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Friday, October 22, 2021

Canada must re-engage on diplomacy with China, but also learn lessons, experts say

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TORONTO — While the saga regarding the detainment of Canadians Michael Kovrig and Michael Spavor by Chinese authorities may be at an end, the political fallout between the two countries as a result of it remains unclear.

The two returned to Canada early Saturday morning after spending over 1,000 days in Chinese custody on espionage charges that were largely viewed as a retaliatory response to Canada’s arrest of Huawei executive Meng Wanzhou on a U.S. warrant related to the company’s business dealings in Iran.

While China has consistently denied that the cases were in any way connected, earlier on Friday, a B.C. judge discharged the extradition matter against Meng after U.S. Justice Department officials reached a deal to resolve the criminal charges against her, allowing Meng to enter into a deferred prosecution agreement and leave Canada, under certain terms.

Meng’s arrest at Vancouver International Airport in December 2018 spurred a years-long major geopolitical case, with economic sanctions being traded between Canada and China as the relationship between both nations entered a deep freeze.

However, now that Kovrig and Spavor have been set free and Meng has returned to China, experts suggest that the relationship between the two countries may begin to thaw.

ON DIPLOMATIC RELATIONS

Jeremy Kinsman, former Canadian ambassador to Russia and the U.K., suggested that the release of the two Michaels and Meng’s deferred prosecution agreement was a way for both countries to appear to come out as winners.

“The devil is really in appearances and making sure that appearances don’t favour one side rather than the other. That both come out, if not as total winners, that neither comes out as a total loser,” Kinsman told CTV News Channel on Saturday. “I think that’s the principal thing. I think that’s what was achieved here.”

He added that it was also a matter of saving face for China.

“You can’t feel comfortable if the opinion of you as a country, and indeed by extension as a people, is declining,” Kinsman said. “There’s only so much you can do to convince your people that you’re right and they’re victims of other people’s prejudice.”

Colin Robertson, a former Canadian diplomat, called the release of the two Michaels a triumph in diplomacy, but said Canada needs to do more to end the practice of nations arresting foreign citizens for political gain.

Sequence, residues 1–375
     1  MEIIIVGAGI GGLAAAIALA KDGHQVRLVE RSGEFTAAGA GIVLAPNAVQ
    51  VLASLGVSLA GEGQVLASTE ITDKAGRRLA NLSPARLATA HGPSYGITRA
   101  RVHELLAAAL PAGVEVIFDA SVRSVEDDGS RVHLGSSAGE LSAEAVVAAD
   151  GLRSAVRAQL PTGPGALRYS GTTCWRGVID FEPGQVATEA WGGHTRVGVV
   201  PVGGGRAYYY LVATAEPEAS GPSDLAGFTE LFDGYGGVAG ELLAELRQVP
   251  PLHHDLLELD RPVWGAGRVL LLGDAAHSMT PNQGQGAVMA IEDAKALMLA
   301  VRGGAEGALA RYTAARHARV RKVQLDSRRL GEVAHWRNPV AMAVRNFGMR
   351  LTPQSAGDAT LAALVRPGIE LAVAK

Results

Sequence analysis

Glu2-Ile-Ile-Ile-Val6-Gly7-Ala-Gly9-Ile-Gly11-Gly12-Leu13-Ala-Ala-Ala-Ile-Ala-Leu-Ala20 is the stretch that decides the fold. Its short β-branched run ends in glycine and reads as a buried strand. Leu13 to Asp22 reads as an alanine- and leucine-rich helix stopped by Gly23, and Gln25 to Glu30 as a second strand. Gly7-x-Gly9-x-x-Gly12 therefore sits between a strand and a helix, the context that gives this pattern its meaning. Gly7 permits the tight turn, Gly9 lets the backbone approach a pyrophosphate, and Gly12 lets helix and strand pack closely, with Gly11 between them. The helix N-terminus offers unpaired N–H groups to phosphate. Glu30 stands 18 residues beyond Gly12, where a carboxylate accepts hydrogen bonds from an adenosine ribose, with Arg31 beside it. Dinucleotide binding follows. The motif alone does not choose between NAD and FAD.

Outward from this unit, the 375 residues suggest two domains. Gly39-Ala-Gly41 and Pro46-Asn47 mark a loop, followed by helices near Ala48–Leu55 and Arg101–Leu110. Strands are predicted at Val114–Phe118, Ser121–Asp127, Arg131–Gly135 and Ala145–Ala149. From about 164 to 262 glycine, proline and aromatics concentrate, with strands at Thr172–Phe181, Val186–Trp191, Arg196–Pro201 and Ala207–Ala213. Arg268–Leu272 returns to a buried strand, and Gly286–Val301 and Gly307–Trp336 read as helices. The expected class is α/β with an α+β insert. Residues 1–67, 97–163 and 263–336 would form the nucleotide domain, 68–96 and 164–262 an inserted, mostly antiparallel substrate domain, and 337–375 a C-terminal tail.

“We put together a big diplomatic effort of those in the free world to basically say, no, this is wrong, you’ve gone too far,” Robertson said in an interview with CTV News Channel on Saturday. “This cannot happen again. To me, the lesson of this is that we’ve got to add teeth to another Canadian [declaration] on arbitrary detentions that we unveiled last February.”

Canada launched the Declaration Against Arbitrary Detention in State-to-State Relations in February. It has since been endorsed by over 60 countries across the globe.

“I think that we need something to persuade countries that want to practice hostage diplomacy,” he said. “China is probably the worst example, but there are others who do the same thing.”

Scott McKnight, a postdoctoral fellow of the Munk School of Global Affairs at the University of Toronto, said this ordeal should be a wake-up call for what Canada can expect from China in the future.

“I think we should be very cautious in our assessment going forward that this may be the type of China that we’re going to have to deal with going forward as China only becomes increasingly relevant and economically powerful in the world,” McKnight told CTV News Channel on Friday, after Meng had reached a deferred prosecution agreement with the U.S., but before news broke of the two Michaels being released.

“We should also recognize here the bigger, maybe broader lesson, which is a more assertive China; a China that’s not afraid to use various instruments, some nice some not so nice, in trying to achieve its policy aims,” he said. “This should be a sobering moment for Canadian expectations of the People’s Republic of China.”

ON TRADE RELATIONS

China, which is Canada’s second-largest trading partner, issued a number of sanctions on Canadian exports since Meng’s 2018 arrest. Regardless of any tensions that may remain over the case, Robertson said China is too large to ignore, and trade must resume.

“You never forget it, but you put it behind you and you go forward,” he said. “We’ve got to have a relationship with China. We’ve got a lot of citizens of Chinese descent in this country. We will continue to bring in migrants from China. So we’ve got to re-engage now with China.”

Legal analyst Dina Doll pointed out on Saturday that Huawei still faces a 16-count indictment in the Eastern District of New York, however, she said it will likely be a strictly corporate case that doesn’t involve individual citizens being detained.

“Diplomacy and trade has been really fractured against the United States and China in the last few years, and unfortunately Canada as well,” Doll said. “If Huawei’s indictment does go forward and there is a conviction — they’re maybe the crown jewel company of China — how would China react to that? It’s very unclear, and so it will be interesting to see how that plays out.”

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